By Roz Rogoff
House SharingUploaded: Feb 17, 2014
The San Ramon City Council is holding a Public Workshop at 7 pm Tuesday, February 18, 2014, "To Gather Public Input on Issues and Concerns Related to the Update of the Housing Element and Land Use Changes within the Crow Canyon Specific Plan Area."
I wrote a Commentary about this in my original San Ramon Observer to oppose putting a housing overlay on Beta Court, which could have forced out the established Service Commercial businesses located there. I am still against putting a housing overlay on Beta Court but that doesn't seem to be an issue this time around.
This Workshop is also a special Joint Meeting of the City Council and Planning Commission. Why is this even necessary to consider? Many residents are unaware of the pressures put on cities to meet state and regional housing requirements.
Councilman Dave Hudson frequently talks about ABAG and RHNA as if everyone knows what these cryptic acronyms mean. ABAG is the Association of Bay Area Governments and RHNA is the Regional Housing Needs Allocation. The RHNA requirements for San Ramon are at the bottom of page 2 of the staff report linked above.
The income levels are shown as a percent of the Median Household Income in San Ramon. The most recent study I could find shows this as approximately $120,000. That would make Very Low Income from 0 to $60K. My income when I was working full time 15 years ago was about $60K. Now it's about half that, so I qualify as Very Low Income.
When these housing numbers came up a few years ago, I wrote a commentary in my original San Ramon Observer website about Housing Snobs. I was surprised and disappointed by the attitude of some residents against those of us who don't earn over $100K a year.
I'm not the only Very Low Income person living in my neighborhood. Many homeowners bought our homes 15 to 30 years ago before real estate prices went out of sight. Also many of the low wage earners living nearby are renters. They rent a room from the homeowner or rent the house as a group and share the house and rent.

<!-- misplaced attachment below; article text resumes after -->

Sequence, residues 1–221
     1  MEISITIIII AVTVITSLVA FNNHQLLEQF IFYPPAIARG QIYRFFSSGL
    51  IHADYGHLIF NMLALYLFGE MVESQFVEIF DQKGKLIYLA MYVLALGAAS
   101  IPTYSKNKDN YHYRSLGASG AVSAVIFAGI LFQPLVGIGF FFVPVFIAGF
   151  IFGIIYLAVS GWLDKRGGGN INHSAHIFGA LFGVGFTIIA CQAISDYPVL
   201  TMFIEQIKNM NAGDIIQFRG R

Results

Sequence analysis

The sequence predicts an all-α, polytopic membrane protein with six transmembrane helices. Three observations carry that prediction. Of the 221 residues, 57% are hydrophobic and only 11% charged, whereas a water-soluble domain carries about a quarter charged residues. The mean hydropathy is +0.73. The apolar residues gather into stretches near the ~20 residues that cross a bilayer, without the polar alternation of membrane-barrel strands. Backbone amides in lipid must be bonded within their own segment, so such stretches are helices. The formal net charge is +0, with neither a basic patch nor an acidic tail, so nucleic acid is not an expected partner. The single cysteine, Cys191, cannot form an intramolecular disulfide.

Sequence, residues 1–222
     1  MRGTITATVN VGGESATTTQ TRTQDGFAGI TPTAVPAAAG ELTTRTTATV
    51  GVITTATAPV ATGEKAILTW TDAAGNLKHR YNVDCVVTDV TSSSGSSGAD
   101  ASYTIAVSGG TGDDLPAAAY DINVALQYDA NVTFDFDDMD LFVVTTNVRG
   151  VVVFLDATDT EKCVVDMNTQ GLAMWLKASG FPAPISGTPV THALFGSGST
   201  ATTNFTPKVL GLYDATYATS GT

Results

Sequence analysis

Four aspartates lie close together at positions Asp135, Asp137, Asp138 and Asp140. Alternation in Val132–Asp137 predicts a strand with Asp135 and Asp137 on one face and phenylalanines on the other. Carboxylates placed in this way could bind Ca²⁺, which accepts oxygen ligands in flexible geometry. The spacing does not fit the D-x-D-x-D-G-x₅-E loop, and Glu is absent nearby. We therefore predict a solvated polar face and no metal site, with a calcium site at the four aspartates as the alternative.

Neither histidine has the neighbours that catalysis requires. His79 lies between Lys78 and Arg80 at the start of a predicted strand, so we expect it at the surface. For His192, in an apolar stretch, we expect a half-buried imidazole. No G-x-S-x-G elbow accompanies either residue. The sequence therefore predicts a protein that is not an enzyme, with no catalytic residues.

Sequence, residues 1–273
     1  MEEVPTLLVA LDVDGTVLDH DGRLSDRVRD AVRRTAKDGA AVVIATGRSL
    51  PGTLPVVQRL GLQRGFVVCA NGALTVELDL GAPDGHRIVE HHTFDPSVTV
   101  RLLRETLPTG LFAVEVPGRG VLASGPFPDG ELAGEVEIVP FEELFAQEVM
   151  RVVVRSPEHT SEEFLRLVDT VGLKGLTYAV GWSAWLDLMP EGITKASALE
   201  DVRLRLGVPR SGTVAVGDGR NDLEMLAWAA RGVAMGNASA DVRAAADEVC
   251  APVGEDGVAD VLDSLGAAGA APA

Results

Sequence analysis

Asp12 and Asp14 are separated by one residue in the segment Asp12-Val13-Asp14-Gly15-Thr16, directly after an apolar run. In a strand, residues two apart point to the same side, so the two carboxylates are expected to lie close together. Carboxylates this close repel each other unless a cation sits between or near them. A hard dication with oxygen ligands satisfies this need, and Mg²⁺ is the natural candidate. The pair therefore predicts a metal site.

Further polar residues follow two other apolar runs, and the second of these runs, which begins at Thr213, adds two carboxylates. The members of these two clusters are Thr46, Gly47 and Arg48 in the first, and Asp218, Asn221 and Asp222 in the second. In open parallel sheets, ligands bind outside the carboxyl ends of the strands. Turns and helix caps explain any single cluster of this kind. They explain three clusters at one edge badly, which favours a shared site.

The most egregious example of house sharing was across the street from me. That house was purchased to be a rental when the real estate prices were at their height. The owner then partitioned it into many small spaces to rent.
She must have had a dozen people living in an 1100 sq. ft. house. She had at least two units in the garage and even rented the shed in the back. Despite cramming so many people into such a small house, every one of the people I met who lived there was nice.
The house next door to me was originally rented to a family. When the couple divorced, he stayed in the house and sublet the rooms to two other guys. They were all nice neighbors. They had to move when the owner needed to move back in, but regardless of who is living near me I have rarely had any problems with any of my neighbors, rich or poor.
Renting a room in a private home, or sharing a home among several separate renters is the way most Very Low Income residents can afford to live and work here. Renting out rooms is an easy way for many homeowners to afford to live here themselves.
This seems to be a better solution to providing affordable housing without what ABAG calls "impact correction," which is a factor built into ABAG's methodology, "to allocate a higher proportion of lower income households to San Ramon in order to balance the regional income distribution across the region." House sharing is a more natural way to balance income distribution without imposing housing numbers on cities for artificial income distribution.
I don't know if there is a way to add house sharing to ABAG's RHNA numbers instead of mandating higher numbers of Very Low, Low, and Moderate Income housing developments in our required Housing Plan. I plan to attend the workshop on Tuesday to find out.